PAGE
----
df “Disk Free” is a command line program used to display the amount of free and used disk spaces for the mounted file systems.
By using df command without adding any options for the command it will display the disk space amount for the file systems in “Bytes” units which is quite difficult to identify the mount of free and used disk spaces. So, we will go through some options for df command which will report the disk spaces in different formats.
Open Terminal and type,
This is the default command without any options or arguments, which will display currently mounted file systems along with total space, free space, used space, and mounting directory.
Human Readable Units
“Human Readable” This print the output with easier and readable unit sizes such as GB, MB, and KB. The default command without “-h” command shows the file systems with Bytes unit.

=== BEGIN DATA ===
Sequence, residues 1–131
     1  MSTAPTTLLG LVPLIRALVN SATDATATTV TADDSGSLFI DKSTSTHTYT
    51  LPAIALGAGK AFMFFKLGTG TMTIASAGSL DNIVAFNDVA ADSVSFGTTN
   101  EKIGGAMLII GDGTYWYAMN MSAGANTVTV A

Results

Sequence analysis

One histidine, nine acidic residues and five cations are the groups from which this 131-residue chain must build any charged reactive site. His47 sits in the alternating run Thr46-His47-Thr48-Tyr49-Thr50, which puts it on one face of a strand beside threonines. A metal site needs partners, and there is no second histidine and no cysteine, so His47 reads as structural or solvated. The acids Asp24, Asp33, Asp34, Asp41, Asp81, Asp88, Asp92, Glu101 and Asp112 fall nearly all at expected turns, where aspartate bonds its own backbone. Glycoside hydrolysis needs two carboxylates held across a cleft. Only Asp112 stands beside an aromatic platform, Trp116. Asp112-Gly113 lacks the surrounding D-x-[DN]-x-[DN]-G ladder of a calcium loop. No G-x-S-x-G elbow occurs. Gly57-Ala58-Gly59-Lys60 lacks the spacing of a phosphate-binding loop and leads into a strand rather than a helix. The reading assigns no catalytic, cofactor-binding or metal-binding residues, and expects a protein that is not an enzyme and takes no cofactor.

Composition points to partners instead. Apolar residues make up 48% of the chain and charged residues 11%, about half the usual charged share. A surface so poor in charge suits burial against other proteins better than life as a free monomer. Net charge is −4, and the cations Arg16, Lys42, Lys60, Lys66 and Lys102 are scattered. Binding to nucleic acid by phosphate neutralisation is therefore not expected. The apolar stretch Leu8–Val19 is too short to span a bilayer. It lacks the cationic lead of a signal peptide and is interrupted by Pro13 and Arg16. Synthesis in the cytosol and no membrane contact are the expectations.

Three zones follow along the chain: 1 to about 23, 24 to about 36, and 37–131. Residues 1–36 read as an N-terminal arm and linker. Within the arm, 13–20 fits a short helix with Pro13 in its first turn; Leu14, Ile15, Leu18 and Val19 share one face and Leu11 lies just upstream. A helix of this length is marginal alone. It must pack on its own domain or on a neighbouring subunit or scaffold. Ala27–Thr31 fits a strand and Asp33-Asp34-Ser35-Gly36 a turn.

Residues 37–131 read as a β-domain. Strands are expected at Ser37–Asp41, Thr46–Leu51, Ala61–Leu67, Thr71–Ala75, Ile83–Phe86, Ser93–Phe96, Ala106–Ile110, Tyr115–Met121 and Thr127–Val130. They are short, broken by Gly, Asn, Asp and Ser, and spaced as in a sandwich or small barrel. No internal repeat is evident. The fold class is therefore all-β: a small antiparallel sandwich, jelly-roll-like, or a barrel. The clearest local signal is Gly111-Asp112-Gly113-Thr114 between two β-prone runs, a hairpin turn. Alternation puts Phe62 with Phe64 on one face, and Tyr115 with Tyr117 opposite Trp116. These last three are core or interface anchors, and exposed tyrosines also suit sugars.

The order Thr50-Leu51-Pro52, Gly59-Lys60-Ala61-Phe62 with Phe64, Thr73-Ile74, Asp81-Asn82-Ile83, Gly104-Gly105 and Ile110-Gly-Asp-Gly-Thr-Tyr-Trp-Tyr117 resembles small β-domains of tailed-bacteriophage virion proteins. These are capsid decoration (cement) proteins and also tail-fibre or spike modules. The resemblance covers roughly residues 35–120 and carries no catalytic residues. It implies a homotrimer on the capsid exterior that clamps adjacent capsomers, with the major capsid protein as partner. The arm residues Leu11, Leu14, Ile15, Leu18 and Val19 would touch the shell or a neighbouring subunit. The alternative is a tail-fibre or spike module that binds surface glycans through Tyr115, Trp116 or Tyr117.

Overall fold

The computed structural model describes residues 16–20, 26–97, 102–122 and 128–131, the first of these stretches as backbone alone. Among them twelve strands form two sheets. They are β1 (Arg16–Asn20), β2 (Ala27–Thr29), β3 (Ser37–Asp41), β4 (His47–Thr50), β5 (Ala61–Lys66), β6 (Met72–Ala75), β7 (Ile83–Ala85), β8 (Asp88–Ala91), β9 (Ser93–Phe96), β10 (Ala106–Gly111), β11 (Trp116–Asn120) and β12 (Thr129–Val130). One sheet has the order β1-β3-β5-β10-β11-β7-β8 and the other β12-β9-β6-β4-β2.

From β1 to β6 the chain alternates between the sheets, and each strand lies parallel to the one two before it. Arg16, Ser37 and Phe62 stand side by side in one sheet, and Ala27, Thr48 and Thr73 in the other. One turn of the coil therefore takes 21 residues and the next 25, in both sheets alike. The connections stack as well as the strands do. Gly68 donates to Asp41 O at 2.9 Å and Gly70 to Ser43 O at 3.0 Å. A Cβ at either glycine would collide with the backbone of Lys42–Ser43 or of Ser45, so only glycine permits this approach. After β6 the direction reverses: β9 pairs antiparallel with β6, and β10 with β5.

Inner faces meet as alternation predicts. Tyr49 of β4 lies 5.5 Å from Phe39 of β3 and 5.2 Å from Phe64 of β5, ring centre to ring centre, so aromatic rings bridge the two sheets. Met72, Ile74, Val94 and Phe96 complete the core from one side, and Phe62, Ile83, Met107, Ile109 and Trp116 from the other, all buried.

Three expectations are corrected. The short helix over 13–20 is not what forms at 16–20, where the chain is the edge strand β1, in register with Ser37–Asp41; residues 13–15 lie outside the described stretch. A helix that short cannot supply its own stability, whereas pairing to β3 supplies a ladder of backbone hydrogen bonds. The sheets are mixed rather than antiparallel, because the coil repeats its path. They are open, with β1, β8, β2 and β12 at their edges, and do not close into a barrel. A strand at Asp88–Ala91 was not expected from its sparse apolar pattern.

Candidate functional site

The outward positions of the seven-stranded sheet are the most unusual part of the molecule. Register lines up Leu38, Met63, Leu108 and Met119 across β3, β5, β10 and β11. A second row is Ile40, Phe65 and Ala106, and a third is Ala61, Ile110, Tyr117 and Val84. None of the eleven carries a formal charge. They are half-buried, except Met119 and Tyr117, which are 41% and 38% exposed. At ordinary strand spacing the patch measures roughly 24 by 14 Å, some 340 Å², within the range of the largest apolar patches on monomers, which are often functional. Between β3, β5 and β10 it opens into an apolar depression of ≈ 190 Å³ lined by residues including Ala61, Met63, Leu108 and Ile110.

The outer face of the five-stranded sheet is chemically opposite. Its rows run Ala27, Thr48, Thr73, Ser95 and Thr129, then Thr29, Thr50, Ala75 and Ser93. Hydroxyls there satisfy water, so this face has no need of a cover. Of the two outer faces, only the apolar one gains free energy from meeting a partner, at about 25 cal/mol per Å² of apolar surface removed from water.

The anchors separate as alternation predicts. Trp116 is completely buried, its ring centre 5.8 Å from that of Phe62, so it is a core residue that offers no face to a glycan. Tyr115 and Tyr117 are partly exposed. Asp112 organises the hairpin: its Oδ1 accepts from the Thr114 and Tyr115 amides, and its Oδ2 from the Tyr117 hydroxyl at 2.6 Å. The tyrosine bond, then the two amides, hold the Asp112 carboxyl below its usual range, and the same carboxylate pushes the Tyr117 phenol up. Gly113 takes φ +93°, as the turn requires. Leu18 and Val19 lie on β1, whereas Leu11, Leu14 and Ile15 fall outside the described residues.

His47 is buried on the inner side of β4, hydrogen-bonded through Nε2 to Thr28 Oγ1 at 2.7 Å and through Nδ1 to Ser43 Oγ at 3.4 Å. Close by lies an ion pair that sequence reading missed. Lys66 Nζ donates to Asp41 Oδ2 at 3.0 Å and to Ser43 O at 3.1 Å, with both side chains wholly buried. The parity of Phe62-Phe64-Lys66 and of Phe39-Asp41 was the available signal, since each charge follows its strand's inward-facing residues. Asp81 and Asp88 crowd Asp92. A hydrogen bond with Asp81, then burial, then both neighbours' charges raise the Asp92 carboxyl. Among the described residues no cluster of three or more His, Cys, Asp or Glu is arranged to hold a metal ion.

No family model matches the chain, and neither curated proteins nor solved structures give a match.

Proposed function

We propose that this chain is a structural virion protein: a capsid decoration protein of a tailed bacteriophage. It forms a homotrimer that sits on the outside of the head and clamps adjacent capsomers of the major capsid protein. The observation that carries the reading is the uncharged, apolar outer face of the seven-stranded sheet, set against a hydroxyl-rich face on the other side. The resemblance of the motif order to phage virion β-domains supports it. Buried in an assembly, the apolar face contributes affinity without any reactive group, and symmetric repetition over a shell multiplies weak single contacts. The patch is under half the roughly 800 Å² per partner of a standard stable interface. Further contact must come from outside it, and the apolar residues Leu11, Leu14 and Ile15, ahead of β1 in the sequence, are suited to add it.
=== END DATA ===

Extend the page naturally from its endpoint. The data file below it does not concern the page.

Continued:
Block size option allows you to scale the disk spaces with different unit arguments such as:
df -B MB
Here’s using the block size option with “MB” Megabytes argument which will print the full disk space without scaling. But, if we need to scale it by 2 ” Divide the disk space by 2 “, we will use the following command.
df -B 2MB
Bock sizes using GB “Gigabytes”
df -B GB
Display a specific file system type such as Ext4, Ext3, NTFS, …etc.
For NTFS file system
I tried to the NTFS file system for df command to print the disk space for it, but it didn’t work. After searching for the right argument for NTFS file system, I found that NTFS is reported as “fuseblk” which is mounted using NTFS-3G. So, if we would like to display disk space for the NTFS file system we will use the following command.
df -h -t fuseblk
For Ext4 file system
df -h -t ext4
[Note]You could use df command in Conky system monitor software to display the free disk space for your file systems.[/note]
Also check the manual page for df command using the follow command.